Well, I guess I'm not quitting my day job to become a cryptographer any time soon.
As was instantly ascertained on reddit, the key algorithm in my "Hacker Challenge" is RSA. I was hoping that it would take at least an hour to crack the private key, but alas, I had severely underestimated the time that modern elliptic-curve and number field sieve integer factorizers would take. It factored in under a second, which means the key would have to be many orders of magnitude larger to offer any kind of security.
So within an hour a factorization of n was posted to reddit by c0dep0et. Even so, LoneStar309 pointed out an embarassing implementation mistake which significantly weakened it (given a valid key, you could generate several other valid encodings of the same key); I patched this, as I mentioned in my update. And then teraflop demonstrated posession of a working keygen a couple hours later.
I wanted the key generator challenge to be possible, and it definitely wasn't trivial, but it was still far easier than I had hoped. Still, I couldn't be happier with the result, and I would like to thank my fellow programming.redditors for a great discussion.
For those who haven't studied how RSA works in sufficient detail to go from a factored n to a key generator, go take a moment to read up on Wikipedia. Basically the public and private keys, e and d, are multiplicative inverses mod φ(n) where φ(n) is Euler's totient function. In the case of n=pq where p and q are prime, φ(n) = (p - 1)(q - 1). So you use the extended euclidean algorithm to find e from d and φ(n). If you're using GMP (I am), you can just call mpz_invert to do that.
Once you've recovered e from d, you just RSA-encrypt the message m = 12345678 + check_mod*N where N is the key number of your choosing and 12345678 is a "nothing up my sleeve" number I chose for validating a decryption. The ciphertext is thus me (mod n), calculated using exponentiation by squaring, mod n at each step (which is what expmod does in bn.h), and then you do the reverse of decode to turn the number into a string.
(All my code here is MIT-licensed, by the way, so feel free to steal it for your own purposes. By all means, use it instead of some silly easy-to-duplicate hashing scheme for your application...)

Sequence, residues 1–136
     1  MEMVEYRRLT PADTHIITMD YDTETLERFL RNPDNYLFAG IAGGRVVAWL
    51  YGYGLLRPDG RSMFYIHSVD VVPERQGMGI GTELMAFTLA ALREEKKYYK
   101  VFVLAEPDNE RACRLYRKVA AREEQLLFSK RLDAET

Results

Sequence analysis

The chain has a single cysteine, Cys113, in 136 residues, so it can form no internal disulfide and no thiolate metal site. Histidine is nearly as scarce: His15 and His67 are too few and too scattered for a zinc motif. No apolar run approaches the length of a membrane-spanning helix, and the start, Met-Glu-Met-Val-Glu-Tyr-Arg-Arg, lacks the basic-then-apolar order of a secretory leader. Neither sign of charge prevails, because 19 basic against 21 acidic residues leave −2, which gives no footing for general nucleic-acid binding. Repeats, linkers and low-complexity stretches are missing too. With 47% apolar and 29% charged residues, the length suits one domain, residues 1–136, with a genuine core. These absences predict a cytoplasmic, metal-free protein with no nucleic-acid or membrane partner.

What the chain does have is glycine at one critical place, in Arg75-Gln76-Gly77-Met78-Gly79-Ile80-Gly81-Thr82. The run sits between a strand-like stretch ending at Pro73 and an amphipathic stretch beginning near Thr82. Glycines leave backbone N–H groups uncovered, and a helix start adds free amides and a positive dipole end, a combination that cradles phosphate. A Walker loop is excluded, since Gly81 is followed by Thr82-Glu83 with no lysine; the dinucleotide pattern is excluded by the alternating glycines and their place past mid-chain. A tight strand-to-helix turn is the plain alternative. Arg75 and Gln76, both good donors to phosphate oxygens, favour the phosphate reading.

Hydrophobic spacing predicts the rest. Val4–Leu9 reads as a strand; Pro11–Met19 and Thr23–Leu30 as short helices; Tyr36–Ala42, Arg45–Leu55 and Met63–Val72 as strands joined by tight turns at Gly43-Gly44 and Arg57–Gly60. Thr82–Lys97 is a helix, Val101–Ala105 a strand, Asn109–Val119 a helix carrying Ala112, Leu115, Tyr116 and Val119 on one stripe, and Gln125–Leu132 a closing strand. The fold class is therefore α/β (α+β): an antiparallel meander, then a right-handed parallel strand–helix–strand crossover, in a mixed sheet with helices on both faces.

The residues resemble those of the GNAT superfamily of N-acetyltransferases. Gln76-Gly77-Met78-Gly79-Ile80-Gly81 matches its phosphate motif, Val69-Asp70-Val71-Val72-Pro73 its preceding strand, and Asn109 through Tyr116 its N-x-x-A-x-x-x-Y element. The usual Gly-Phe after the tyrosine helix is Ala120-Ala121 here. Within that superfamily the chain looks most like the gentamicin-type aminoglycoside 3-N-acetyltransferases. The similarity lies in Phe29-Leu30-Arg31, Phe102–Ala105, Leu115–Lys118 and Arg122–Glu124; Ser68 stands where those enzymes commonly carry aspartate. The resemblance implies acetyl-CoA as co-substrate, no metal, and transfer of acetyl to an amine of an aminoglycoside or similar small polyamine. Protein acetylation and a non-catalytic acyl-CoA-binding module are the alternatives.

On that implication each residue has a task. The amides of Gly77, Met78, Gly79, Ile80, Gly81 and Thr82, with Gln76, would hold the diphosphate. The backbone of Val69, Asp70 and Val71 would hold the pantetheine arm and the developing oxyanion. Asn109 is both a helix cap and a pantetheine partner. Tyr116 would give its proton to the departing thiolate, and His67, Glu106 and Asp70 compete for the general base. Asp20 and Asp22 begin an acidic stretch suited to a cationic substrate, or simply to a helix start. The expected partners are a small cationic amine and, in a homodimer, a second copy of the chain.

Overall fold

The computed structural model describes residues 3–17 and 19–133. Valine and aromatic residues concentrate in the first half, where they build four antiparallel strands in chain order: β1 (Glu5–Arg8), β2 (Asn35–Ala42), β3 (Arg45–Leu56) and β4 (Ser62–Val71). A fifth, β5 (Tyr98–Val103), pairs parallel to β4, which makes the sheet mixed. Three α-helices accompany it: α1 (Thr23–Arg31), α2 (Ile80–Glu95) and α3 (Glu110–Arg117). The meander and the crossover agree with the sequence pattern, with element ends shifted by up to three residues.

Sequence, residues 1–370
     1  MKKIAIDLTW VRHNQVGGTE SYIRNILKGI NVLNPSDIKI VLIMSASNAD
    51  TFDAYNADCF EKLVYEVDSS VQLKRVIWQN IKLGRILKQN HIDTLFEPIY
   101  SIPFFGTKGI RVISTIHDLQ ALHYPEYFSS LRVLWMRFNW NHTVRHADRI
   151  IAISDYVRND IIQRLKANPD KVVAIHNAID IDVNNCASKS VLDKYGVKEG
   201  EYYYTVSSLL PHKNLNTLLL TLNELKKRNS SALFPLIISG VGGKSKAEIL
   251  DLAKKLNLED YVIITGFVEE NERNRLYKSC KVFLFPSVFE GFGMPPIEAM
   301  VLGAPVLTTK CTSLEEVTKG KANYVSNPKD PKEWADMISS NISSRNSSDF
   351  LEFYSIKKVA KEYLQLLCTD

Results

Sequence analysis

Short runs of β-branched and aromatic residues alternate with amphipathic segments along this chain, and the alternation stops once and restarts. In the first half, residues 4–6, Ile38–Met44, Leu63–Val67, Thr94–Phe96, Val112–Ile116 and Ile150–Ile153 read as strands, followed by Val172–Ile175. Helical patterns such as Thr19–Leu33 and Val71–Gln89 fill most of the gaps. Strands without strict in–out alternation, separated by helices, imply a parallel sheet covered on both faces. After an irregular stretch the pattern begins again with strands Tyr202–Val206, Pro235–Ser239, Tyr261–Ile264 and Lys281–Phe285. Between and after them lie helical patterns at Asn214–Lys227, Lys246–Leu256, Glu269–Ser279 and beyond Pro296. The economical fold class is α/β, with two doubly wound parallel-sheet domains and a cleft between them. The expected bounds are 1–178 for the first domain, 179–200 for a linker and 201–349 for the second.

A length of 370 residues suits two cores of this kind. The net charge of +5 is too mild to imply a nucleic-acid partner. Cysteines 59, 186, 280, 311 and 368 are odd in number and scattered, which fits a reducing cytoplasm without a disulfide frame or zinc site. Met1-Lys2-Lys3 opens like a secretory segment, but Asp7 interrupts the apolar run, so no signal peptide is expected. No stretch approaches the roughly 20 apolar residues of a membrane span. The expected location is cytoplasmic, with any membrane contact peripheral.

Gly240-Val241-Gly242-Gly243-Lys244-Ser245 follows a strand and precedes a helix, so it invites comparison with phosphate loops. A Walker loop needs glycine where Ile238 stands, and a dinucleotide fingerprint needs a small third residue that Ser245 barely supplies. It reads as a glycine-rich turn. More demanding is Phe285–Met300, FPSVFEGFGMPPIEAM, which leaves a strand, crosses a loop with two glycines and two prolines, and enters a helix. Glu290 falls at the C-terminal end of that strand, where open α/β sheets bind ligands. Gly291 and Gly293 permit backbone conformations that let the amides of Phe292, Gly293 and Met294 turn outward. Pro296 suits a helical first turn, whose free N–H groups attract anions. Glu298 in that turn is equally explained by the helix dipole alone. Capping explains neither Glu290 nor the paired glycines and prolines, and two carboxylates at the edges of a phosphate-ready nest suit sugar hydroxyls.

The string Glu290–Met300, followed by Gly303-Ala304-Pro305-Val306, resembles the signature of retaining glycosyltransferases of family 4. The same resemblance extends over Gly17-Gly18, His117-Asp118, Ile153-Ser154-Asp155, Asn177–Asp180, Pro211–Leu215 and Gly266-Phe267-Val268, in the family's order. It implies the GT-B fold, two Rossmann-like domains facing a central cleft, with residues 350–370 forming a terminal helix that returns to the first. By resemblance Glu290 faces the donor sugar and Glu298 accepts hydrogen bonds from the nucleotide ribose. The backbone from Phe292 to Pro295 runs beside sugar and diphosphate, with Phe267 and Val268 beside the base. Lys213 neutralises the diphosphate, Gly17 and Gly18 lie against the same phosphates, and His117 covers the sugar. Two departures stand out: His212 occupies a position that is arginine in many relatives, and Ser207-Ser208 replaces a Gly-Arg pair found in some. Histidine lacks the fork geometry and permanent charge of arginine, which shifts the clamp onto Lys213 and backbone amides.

So, will RSA-based license schemes work? Not with such a short key length. Can we just make the key length longer? Well, that depends. Your ciphertext is always going to be a number between 2 and n, if n is 512 bits then so is your ciphertext. 1024 bits is probably the smallest reasonably secure size you'd want to use for RSA, which is 205 characters in the A-Y,1-9 code I'm using. So if your users are pasting keys out of an email, that's probably fine, but if they're typing it in by hand off of a CD case, forget it.
Also, this scheme, though cryptographically weak, has some points in its favor. If a theoretical cracker disassembles the code, he absolutely must understand RSA at some level, extract n, and factor it in order to create a key generator. I probably wouldn't have the patience to do it if the least bit of obfuscation were used in conjunction. It's totally self-contained (so you don't have to link in libcrypto or libopenssl or libgmp), so it's pretty much a drop-in replacement for whatever hashing scheme that most software tends to use.
And, though the backbone of the challenge was quickly broken, only one person demonstrated a keygen. I guess one is all it takes.
Can we do better? Yes, I think we can do much better. RSA's security derives from the difficulty of the integer factorization problem. There are two other commonly used classes of asymmetric key cryptosystems based on harder problems: discrete logarithm and elliptic curve discrete logarithm. Each provides more "strengh" per bit of key than the last.
james_block brings up some good points along these lines. It may not be possible to create a software license scheme with both short license codes and enough security to withstand a large, coordinated effort to break it. But it's far better to use a license key scheme that could be broken with a large effort than one that will definitely be broken with a small effort, when the former is an easy drop-in replacement for the latter. Truly uncrackable (in the cryptographic sense) security will require longer keys and users who paste keys out of emails.
So here is challenge #2. I've used another common algorithm which is no longer encumbered by a patent. The ciphertext is still slightly less than 125 bits. It is not impossible to crack by any means, but it is much harder (in terms of CPU time necessary) than the previous one. And there's always the possibility that I screwed something up and left a big back door in it, which is a good reason for proposing the challenge in the first place.
I plan on issuing one further challenge next week, and there's a good chance that this one will be broken before then if it receives the same level of attention as the first one did.
Here is the reddit thread for part 2.
Update: The solution to part 2 has been posted.